The post “Clearing secrets from memory” discussed that it might be beneficial to clear secrets from memory after using them. This post discusses how to do this in Python.

Our test setup

We are going to create a Python script that stores a secret key in a variable, and then we read the memory of this process to see whether the secret is present in memory.

There are a couple of ways to read the memory of a process: * Read /proc/self/mem or /proc/$pid/mem. * Use gdb to dump a process’ memory. * Create a core file using either gcore or by aborting the program.

Any process can read its own /proc/self/mem memory file, but only at specific offsets. The contents of the file correspond with the address space of the memory, and not all addresses have memory mapped to them. The file /proc/self/maps shows which address contains what. You can then seek to that position and read a blob of memory. Reading memory of other processes is not allowed unless you attach a process using ptrace. This is what debuggers use. Instead of doing this, it may be easier to use a real debugger like gdb to dump the memory to a file.

Another way is to create a core file. This can be done with the command gcore (after installing gdb), or by aborting the process and letting the operating system create a core file.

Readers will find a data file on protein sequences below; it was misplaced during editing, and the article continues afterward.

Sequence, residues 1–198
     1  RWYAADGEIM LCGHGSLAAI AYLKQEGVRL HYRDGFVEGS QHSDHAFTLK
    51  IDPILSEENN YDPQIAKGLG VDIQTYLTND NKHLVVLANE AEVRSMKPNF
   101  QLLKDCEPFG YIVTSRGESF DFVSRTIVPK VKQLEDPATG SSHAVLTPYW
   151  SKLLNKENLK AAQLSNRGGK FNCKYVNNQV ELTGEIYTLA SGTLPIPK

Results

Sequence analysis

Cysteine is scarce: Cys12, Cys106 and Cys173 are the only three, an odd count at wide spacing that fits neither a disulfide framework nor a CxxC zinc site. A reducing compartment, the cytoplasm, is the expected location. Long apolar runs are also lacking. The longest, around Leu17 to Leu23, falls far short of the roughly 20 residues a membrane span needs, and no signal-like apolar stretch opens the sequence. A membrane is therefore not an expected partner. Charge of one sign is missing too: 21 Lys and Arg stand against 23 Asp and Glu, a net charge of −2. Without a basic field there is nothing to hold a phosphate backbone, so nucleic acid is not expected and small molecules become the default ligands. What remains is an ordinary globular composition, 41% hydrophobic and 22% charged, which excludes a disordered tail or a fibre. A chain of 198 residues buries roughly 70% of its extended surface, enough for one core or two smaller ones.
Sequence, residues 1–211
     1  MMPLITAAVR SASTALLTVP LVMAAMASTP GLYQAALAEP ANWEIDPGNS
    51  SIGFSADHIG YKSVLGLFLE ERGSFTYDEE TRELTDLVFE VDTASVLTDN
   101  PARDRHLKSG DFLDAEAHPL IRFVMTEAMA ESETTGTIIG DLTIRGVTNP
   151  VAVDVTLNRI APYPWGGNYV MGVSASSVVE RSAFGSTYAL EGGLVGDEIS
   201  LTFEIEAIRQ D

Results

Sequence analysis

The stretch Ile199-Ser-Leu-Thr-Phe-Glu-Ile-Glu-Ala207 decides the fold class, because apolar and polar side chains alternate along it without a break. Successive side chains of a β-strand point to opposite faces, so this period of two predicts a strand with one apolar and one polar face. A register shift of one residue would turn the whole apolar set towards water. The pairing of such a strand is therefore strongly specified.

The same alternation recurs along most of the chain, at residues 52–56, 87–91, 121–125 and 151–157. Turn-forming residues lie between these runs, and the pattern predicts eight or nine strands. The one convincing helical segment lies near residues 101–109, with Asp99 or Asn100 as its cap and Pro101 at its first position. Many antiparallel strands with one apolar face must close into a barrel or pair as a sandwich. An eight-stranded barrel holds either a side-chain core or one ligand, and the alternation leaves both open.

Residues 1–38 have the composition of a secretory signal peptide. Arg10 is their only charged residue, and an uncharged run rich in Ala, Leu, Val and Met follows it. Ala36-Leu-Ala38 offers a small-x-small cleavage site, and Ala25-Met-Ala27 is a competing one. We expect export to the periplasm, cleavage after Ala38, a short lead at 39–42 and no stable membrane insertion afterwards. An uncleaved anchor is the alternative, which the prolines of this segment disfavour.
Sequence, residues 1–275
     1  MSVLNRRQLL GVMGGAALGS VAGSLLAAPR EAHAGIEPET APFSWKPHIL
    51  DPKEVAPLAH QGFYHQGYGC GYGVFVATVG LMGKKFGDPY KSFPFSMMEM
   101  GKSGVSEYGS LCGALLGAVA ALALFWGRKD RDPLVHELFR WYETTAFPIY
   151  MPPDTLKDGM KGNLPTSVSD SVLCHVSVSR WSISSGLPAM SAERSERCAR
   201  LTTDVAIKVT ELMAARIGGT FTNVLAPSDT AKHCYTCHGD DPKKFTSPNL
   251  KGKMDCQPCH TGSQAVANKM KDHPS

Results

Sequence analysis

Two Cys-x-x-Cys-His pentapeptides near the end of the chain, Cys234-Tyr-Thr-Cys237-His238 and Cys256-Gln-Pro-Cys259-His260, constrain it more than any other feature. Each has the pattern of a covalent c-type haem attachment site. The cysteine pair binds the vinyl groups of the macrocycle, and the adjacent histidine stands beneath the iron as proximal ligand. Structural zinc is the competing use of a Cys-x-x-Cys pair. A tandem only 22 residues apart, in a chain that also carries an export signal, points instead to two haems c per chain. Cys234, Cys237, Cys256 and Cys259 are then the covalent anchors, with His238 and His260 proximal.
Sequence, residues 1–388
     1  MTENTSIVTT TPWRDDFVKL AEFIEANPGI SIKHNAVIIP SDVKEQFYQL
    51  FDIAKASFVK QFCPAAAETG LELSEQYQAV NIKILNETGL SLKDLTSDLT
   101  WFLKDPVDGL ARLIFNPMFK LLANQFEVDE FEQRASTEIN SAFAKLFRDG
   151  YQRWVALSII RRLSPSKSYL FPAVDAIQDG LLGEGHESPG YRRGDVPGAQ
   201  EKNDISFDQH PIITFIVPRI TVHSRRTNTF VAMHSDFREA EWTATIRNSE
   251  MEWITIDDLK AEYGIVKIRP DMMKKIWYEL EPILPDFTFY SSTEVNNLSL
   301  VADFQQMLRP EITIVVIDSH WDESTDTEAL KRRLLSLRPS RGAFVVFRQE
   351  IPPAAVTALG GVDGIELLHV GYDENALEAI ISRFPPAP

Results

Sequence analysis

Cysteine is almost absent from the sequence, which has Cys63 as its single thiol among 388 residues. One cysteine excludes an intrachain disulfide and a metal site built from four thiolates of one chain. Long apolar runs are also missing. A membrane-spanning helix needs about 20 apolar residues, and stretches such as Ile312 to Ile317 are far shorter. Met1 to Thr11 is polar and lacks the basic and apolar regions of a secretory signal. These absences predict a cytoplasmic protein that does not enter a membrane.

There are several settings that influence whether a core file is created when a program exits abnormally: * /proc/sys/kernel/core_pattern - contains the filename to create or program to execute. * ulimit -c determines the maximum size of a core file. If you always want core files, use ulimit -c unlimited.

After configuring that we want core files, we can call os.abort() in Python to exit our program and dump the memory.

We want to test having a secret variable in memory. However, we can’t put it in the source code because the whole source code will be read in memory. We’ll read the secret from another file. Here is our test code:

import os

with open('key.txt') as fp:
    secret = fp.read()

os.abort()

After running this, a core file is generated and we use grep to check whether the secret was present in memory:

$ grep supersecretstring 5858.python.core 
Binary file 5858.python.core matches

Methods to clear memory